Tuesday, June 19, 2012

The nature of a boy's work...

I had a great first day of box making at the Center for Furniture Craftsmanship, but forgot to take photos. Educational Sloyd had been criticized by some as being uncreative. For instance while William James spoke out clearly as an advocate, early psyhologist G. Stanley Hall was one of those critical of its method of utilizing models to encourage steady and sequential development of skill. Many observers like Hall (and some teachers) who might have missed the first principle of Educational Sloyd, that of "starting with the interests of the child might miss the point that the models were never intended as a rigid structure that might stifle individual creativity. The following is from Gustaf Larsson's address to the Eastern Manual Training Association in 1904.
...the nature of a boy's work is considered of supreme importance; a boy (or girl) must make something which he considers to be worth making and which he likes to make: in this way the stimulus of interest is secured, by which means useful but unsuspected exercises are accomplished, and the steady development of muscular as well as mental power is begun. American boys like to make many things which would not be popular in Sweden, and vice-versa. A country boy has different ideas of things from one brought up in the city. A boy who lives among the mountains will have different tastes and needs from the boy who lives by the sea shore. Even individuals in the same school show a wide difference of taste and power. A teacher is often confronted by a problem like this. Three boys have skill enough to make a half lap joint. One wishes to make a stand for a ring toss, another prefers a wind mill, the third, a stand for his mother s flower pot. If, in each of these three objects or models, the desired exercise is involved, the teacher is able to give the boy the exercise needed, at this stage of development, without the sacrifice of spontaneity, and this is the result of a carefully thought out and elastic course of work and is a true "adaptation" of Slovd. When we consider it important that models should be adapted to individual needs, in the same school, it is evident that different schools and different localities may call for very different models, which they should have at hand and can have, without the sacrifice of Sloyd principles.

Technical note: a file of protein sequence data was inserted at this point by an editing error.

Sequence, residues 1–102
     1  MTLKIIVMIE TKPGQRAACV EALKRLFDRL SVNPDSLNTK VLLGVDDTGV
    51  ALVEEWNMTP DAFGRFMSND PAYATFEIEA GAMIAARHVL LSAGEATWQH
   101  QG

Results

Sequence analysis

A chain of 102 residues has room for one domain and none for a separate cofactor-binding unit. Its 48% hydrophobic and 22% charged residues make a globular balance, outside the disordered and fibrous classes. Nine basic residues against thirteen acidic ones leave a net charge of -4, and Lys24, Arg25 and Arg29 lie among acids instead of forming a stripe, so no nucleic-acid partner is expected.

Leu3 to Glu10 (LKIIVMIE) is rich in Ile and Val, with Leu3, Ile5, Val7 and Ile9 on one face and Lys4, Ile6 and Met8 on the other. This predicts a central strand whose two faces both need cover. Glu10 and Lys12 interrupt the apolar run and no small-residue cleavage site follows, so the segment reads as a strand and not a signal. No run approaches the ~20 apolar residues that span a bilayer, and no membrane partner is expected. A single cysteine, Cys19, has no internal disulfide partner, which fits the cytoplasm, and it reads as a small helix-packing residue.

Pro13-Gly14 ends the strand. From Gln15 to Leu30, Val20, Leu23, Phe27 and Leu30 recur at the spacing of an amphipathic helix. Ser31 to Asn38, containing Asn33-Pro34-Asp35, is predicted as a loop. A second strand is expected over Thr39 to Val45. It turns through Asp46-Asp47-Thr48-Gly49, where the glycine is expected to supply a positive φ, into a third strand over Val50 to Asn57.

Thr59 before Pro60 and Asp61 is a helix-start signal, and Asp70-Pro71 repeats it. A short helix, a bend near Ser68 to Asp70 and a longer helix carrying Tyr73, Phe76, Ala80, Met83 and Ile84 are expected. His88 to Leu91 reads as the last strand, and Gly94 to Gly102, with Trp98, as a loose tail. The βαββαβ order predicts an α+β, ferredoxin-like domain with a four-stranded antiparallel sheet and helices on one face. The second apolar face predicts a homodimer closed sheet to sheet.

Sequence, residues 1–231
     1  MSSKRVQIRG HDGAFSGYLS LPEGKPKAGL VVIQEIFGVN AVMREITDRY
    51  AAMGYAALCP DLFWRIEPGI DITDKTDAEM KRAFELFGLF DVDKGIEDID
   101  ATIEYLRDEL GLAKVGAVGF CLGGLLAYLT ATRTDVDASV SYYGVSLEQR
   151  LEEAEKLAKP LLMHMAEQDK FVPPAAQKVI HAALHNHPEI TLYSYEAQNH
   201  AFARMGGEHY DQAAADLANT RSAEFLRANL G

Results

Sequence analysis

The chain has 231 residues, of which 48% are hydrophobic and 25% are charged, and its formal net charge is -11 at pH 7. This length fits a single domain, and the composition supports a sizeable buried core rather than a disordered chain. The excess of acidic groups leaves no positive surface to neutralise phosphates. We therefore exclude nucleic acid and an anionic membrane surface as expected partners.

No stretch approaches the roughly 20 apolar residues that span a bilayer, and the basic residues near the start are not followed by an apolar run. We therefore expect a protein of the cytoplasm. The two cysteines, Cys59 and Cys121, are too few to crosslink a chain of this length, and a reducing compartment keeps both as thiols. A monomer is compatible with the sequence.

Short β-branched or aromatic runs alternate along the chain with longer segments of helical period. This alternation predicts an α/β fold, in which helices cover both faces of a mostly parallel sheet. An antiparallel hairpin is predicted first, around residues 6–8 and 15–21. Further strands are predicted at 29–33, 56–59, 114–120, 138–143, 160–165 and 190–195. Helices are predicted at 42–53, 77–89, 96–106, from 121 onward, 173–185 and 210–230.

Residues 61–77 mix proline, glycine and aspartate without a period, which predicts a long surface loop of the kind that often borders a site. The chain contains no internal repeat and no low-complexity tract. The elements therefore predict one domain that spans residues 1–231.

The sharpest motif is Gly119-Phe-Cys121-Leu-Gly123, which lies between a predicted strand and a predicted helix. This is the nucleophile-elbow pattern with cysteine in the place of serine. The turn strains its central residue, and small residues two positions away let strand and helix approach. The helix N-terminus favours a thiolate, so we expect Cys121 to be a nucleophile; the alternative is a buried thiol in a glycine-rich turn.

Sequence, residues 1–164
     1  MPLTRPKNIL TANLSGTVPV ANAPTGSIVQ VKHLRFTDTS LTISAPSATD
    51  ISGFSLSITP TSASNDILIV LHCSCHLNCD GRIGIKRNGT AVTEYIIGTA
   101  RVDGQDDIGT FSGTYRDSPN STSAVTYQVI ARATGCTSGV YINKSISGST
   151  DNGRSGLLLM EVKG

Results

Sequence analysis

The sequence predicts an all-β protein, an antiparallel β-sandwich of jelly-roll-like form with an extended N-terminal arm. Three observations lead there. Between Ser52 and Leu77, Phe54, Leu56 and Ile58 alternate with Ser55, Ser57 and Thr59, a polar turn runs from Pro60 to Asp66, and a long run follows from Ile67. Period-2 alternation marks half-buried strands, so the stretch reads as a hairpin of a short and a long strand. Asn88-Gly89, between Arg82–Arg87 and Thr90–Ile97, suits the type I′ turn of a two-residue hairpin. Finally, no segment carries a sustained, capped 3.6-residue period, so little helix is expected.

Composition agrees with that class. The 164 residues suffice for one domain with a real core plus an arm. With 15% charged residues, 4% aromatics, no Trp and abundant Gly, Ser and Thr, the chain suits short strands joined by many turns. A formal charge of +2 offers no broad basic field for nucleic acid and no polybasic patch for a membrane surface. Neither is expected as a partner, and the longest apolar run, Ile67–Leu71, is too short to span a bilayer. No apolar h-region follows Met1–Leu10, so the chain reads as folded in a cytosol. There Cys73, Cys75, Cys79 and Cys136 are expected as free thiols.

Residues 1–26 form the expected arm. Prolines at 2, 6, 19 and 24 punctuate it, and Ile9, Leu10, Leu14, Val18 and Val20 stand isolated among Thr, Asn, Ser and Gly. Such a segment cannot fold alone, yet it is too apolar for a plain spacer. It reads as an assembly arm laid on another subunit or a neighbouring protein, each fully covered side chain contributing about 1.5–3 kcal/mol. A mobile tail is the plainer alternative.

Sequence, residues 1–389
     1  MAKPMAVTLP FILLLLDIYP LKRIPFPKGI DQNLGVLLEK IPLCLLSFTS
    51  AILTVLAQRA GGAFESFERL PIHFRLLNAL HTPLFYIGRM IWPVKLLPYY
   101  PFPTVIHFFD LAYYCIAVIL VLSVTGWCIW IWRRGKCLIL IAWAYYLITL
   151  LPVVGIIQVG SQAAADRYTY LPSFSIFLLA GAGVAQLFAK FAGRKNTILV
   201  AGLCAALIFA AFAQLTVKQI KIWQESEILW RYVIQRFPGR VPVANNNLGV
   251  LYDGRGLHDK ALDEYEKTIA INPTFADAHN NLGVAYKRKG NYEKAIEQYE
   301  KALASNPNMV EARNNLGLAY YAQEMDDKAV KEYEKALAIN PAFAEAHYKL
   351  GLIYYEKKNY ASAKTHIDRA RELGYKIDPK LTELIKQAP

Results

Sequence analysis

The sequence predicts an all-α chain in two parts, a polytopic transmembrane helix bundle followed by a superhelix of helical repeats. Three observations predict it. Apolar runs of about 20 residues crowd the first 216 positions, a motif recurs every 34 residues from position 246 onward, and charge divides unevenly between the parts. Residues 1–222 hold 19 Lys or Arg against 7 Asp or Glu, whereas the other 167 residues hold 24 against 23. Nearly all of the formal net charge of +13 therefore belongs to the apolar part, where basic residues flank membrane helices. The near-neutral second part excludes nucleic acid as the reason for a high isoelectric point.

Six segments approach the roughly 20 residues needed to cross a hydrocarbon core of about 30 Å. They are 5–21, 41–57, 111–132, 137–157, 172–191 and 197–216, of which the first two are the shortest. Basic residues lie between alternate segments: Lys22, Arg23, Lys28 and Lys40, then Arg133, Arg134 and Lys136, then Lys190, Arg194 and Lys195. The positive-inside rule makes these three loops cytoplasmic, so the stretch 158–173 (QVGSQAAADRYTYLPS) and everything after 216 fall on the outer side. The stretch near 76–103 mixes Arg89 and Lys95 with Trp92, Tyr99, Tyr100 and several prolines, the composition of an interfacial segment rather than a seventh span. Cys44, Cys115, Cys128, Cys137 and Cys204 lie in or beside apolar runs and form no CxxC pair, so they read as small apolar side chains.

In my own school woodshop, we've used some Sloyd models, but we would be in violation of Sloyd principles to rigidly adhere in slavery to a system developed for kids in the nineteenth century. And so, in the blog I've been hesitant to create a set curriculum for teachers to follow but would prefer that teachers become familiar with the principles of Educational Sloyd which were simply based on observation of how children learn. Start with the interests of the child. Move from the known to the uknown, from the easy to the more difficult, from the simple to the complex, and from the concrete to the abstract. Make, fix and create...

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